• If you purchased an investment property and you rented. This would be beneficial as you could claim the tax benefits of negative gearing and you won’t miss out on the capital growth of the property market.
  • If you don’t plan to be too long in the one place. The buying and selling costs associated with properties are expensive and if you move around a lot these can add up to a significant amount.
  • If you would rent a smaller home than if you bought your own home. This is especially true for younger people who may live in shared accommodation and pay a relatively low rent, but if they bought a home they may share with fewer people or live alone.
  • If property prices are overvalued. This will ofter be difficult to know, but in some situations such as in the USA around 2005-2006 many people purchased homes only to find the values plummet in the following years.

If you are facing this conundrum of whether to buy or rent and would like to discuss this further with a team of experienced financial planners, please contact us for a FREE no obligation consolation.

BrandZ measures great companies….. but can it also measure great investments?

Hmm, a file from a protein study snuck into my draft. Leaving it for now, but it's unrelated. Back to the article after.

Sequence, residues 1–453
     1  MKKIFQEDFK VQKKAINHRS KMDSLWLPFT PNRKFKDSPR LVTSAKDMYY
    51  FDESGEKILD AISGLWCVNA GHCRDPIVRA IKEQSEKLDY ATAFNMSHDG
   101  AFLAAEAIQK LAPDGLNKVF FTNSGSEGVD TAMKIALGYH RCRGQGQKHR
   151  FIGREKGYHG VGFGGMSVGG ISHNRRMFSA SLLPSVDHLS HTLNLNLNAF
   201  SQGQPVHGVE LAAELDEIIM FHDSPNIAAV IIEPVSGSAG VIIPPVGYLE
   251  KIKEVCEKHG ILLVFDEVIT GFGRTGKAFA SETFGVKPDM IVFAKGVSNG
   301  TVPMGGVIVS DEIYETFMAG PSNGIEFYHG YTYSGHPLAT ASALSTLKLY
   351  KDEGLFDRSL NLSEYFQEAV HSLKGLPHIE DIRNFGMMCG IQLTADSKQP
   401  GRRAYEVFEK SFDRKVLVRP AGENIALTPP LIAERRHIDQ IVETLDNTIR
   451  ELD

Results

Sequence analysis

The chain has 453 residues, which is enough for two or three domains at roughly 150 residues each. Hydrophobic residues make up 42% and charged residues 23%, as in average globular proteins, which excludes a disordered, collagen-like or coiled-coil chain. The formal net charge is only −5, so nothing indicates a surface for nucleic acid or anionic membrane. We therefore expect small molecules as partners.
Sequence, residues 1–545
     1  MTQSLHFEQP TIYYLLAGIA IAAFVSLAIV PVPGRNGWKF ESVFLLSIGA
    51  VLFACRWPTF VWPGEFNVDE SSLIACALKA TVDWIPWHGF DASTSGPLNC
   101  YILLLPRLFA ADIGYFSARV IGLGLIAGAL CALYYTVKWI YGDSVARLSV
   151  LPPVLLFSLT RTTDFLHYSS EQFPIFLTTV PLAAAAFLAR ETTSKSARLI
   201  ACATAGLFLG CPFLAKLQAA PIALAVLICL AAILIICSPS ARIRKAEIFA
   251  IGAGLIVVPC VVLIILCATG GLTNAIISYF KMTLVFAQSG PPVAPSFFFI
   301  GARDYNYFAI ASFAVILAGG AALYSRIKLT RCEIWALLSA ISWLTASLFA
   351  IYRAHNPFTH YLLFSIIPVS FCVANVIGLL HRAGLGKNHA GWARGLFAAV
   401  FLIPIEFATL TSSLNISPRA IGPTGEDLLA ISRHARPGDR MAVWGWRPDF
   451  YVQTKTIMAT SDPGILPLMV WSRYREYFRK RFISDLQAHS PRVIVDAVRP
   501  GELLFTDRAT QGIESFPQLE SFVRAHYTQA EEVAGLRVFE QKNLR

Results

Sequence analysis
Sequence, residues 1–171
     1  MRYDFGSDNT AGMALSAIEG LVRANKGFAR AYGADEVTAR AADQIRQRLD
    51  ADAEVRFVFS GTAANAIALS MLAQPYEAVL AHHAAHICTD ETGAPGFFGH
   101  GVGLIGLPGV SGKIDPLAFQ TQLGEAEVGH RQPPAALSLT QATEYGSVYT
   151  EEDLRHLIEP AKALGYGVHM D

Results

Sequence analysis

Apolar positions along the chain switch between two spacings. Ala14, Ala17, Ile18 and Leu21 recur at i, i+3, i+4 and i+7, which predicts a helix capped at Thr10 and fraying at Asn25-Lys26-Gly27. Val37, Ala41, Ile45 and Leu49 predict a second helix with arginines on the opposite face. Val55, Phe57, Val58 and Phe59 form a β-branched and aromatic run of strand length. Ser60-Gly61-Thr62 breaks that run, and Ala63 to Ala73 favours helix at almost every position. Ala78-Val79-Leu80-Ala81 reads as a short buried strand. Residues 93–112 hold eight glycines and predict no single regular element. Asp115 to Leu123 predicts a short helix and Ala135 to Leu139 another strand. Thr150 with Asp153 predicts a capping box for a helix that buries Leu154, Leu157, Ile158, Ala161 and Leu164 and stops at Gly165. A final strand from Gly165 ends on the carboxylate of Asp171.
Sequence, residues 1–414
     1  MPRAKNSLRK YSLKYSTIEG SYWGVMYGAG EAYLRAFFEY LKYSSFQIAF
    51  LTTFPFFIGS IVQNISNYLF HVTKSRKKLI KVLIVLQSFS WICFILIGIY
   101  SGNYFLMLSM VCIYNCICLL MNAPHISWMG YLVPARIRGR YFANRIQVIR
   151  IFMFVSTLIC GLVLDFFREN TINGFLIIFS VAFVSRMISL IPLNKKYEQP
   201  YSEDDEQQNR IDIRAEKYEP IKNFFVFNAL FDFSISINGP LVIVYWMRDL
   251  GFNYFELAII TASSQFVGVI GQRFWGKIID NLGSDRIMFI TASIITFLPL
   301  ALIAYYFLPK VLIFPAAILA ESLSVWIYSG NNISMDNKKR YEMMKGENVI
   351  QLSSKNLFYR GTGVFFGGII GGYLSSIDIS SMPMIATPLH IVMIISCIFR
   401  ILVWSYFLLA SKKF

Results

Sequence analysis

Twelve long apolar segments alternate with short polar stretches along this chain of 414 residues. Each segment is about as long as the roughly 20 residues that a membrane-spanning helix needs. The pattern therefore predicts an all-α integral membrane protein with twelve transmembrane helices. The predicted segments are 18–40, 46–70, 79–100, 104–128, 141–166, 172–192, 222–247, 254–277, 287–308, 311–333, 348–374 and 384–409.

Which is the most valuable brand in 2014?  BrandZ report each year provides us the answer to this question.   Sometimes when it comes to investing, we forget that the stock price which goes up and down each day is linked to an actual company.  We forget that these companies operates in the real world, and they sell goods or services to people every day.   There are a bunch of groups which release these types of reports, but what I find interesting, is that the companies where people love their product or service, are sometimes the ones which are preforming financially well. The trick I think to some degree, is linking these types of reports, such as the BrandZ report, to investment ideas.   I am always constantly on the search for new investment ideas and I often find some of them come from the most surprising places. For example, when I go out shopping and I come across a store which packed full of people and a buzz of activity, whilst my family goes off looking around the store, I am frantically looking up the company to see if it is listed and what are the investment fundamentals of the company are on my smart phone. Sometimes it might be brands that I am familiar with, and sometimes it might be companies which are new to the Australian market but have been around for years abroad.  I have found these types of experiences always great places to find new and emerging trends – particularly in the retail space.   If I may be looking for a more mature business, then I might also look at the BrandZ report which I have found a great source of insight in a range of dimensions.  Lets look at an example…. In 2014 Google was listed in the top as the most valuable brand and interestingly the stock is up 31% year to date. Not surprisingly, we have had a love affair with this company for a long time.   Now it is important that you don’t get caught up in fads or fly-by-night companies.  Sometimes I am also interested in changes in these reports.  By looking at the historical reports you can see if a brand as moved up the ladder or down.  These changes can also give great insights too.   Like most things with investing it is important to look at a range of variables and not just one in isolation.  Some companies which rank well on the report, might be too expensive or difficult to value.  If they are in the “too hard basket”, I would just cast them aside and then look for the next.  I find the best ones are often the most simple to understand and simple to forecast.   But keep in mind next time you are out shopping and you see a store packed to the rafters with people and excitement. It might cause you to, instead of grabbing for your plastic credit card (whereby incidentally Mastercard is ranked 18 on the BrandZ report), instead grab your smart phone and punch in the company to see if it is listed and whether this might be the start of an exciting investigation into a potential new company for investment.   Like most great ideas, it is important to get professional advice. So if you want to run past your latest great investment ideas with an experienced company who shares your enthusiasm, feel free to contact our office to chat further about your thoughts, dreams and investment aspirations.